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Open AccessArticle

Trans-Fatty Acids Aggravate Obesity, Insulin Resistance and Hepatic Steatosis in C57BL/6 Mice, Possibly by Suppressing the IRS1 Dependent Pathway

Shanghai Institute of Cardiovascular Diseases, Zhongshan Hospital, Fudan University, 180 Feng Lin Road, Shanghai 200032, China
Institute of Biomedical Science, Fudan University, Shanghai 200032, China
Authors to whom correspondence should be addressed.
These authors contributed equally to this work.
Academic Editors: Min-Hsiung Pan and Filomena Conforti
Molecules 2016, 21(6), 705;
Received: 23 March 2016 / Revised: 12 May 2016 / Accepted: 19 May 2016 / Published: 30 May 2016
(This article belongs to the Special Issue Natural Products in Anti-Obesity Therapy)
PDF [6307 KB, uploaded 30 May 2016]


Trans-fatty acid consumption has been reported as a risk factor for metabolic disorders and targeted organ damages. Nonetheless, little is known about the roles and mechanisms of trans-fatty acids in obesity, insulin resistance (IR) and hepatic steatosis. Adult C57BL/6 male mice were fed with four different diets for 20 weeks: normal diet (ND), high fat diet (HFD), low trans-fatty acids diet (LTD) and high trans-fatty acid diet (HTD). The diet-induced metabolic disorders were assessed by evaluating body weight, glucose tolerance test, hepatic steatosis and plasma lipid profiles post 20-week diet. Histological (H&E, Oil-Red-O) staining and western blot analysis were employed to assess liver steatosis and potential signaling pathways. After 20-weeks of diet, the body weights of the four groups were 29.61 ± 1.89 g (ND), 39.04 ± 4.27 g (HFD), 34.09 ± 2.62 g (LTD) and 43.78 ± 4.27 g (HTD) (p < 0.05), respectively. HFD intake significantly impaired glucose tolerance, which was impaired further in the mice consuming the HTD diet. The effect was further exacerbated by HTD diet. Moreover, the HTD group exhibited significantly more severe liver steatosis compared with HFD group possibly through regulating adipose triglyceride lipase. The group consuming the HTD also exhibited significantly reduced levels of IRS1, phosphor-PKC and phosphor-AKT. These results support our hypothesis that consumption of a diet high in trans-fatty acids induces higher rates of obesity, IR and hepatic steatosis in male C57BL/6 mice, possibly by suppressing the IRS1dependent pathway. View Full-Text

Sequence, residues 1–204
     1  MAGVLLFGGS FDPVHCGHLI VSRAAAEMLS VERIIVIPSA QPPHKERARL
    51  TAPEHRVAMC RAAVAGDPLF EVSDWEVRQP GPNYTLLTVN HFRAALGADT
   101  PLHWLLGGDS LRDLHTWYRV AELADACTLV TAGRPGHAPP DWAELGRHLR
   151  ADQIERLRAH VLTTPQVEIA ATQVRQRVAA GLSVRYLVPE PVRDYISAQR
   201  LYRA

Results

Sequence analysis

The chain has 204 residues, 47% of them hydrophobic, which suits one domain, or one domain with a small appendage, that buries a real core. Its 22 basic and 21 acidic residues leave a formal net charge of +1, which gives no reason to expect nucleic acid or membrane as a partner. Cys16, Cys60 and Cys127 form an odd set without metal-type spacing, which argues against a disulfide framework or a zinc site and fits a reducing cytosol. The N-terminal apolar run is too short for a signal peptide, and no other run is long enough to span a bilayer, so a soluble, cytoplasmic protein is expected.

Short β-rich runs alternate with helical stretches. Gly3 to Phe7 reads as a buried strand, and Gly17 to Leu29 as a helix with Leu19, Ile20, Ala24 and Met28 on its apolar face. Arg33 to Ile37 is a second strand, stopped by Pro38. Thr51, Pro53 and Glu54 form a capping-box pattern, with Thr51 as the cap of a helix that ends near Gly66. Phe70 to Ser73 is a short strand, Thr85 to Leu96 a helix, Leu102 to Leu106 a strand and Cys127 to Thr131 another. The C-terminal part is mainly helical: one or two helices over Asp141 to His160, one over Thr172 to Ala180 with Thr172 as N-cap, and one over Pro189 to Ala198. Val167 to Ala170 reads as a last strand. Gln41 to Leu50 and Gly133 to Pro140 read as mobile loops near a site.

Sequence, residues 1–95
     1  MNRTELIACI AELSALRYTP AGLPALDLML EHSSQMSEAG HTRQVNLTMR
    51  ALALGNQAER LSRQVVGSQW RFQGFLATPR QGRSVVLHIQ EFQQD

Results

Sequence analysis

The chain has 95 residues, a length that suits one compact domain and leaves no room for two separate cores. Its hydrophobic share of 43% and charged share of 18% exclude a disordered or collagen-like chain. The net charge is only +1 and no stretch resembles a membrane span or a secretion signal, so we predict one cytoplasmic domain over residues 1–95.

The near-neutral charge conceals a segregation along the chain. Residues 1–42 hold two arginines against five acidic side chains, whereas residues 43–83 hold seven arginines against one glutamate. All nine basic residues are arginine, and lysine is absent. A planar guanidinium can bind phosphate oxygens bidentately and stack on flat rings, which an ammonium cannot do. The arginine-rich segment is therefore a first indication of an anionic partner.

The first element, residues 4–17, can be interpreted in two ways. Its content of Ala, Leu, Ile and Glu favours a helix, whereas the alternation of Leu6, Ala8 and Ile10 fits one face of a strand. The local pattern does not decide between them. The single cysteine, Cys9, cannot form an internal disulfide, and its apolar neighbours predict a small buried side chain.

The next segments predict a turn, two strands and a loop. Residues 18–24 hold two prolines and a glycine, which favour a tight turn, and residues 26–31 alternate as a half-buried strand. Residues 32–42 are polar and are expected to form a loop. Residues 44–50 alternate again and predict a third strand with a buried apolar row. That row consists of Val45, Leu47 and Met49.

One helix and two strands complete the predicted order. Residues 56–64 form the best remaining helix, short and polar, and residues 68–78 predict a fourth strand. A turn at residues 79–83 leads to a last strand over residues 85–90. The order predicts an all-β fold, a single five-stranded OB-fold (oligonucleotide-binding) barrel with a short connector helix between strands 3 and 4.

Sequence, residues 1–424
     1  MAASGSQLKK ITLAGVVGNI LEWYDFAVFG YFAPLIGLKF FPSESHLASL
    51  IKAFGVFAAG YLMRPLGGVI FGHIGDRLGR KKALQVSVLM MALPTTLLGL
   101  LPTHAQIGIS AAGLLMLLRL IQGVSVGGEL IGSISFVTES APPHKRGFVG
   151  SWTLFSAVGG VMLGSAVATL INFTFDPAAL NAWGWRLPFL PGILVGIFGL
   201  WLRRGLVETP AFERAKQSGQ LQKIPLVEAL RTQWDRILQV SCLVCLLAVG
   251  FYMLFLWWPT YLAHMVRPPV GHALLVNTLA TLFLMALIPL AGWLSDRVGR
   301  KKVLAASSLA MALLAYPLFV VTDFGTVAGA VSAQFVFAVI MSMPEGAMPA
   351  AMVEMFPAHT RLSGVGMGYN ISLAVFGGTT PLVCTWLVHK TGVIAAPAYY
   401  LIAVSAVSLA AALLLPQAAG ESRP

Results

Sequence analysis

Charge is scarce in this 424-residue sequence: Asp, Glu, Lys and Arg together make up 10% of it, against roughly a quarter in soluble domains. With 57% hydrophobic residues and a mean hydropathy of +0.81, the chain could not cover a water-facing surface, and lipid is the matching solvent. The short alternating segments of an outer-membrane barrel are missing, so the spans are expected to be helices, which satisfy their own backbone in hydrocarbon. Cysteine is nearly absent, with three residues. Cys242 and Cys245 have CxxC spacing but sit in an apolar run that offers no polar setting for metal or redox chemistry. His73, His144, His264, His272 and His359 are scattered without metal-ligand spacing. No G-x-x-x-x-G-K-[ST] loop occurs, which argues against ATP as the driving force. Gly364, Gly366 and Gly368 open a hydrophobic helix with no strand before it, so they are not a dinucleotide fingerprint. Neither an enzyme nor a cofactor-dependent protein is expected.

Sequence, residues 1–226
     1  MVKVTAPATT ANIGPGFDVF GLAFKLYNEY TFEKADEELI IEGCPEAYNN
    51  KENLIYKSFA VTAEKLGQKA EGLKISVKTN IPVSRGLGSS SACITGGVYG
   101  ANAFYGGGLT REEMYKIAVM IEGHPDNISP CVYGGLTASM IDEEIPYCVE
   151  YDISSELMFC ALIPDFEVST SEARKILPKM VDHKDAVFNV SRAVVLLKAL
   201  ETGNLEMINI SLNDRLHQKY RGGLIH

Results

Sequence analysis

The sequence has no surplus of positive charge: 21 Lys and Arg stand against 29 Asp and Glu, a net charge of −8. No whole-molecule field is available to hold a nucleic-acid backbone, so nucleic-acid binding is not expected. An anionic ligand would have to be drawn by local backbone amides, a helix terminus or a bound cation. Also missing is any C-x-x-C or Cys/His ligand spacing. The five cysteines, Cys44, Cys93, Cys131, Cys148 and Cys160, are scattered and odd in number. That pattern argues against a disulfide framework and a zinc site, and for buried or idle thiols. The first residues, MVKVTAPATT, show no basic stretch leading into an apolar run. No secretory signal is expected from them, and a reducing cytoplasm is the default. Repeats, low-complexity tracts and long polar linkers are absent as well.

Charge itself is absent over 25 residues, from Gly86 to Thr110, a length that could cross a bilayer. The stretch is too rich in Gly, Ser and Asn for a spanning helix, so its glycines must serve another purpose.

Keywords: trans-fatty acid; obesity; insulin resistance; hepatic steatosis trans-fatty acid; obesity; insulin resistance; hepatic steatosis

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Zhao, X.; Shen, C.; Zhu, H.; Wang, C.; Liu, X.; Sun, X.; Han, S.; Wang, P.; Dong, Z.; Ma, X.; Hu, K.; Sun, A.; Ge, J. Trans-Fatty Acids Aggravate Obesity, Insulin Resistance and Hepatic Steatosis in C57BL/6 Mice, Possibly by Suppressing the IRS1 Dependent Pathway. Molecules 2016, 21, 705.

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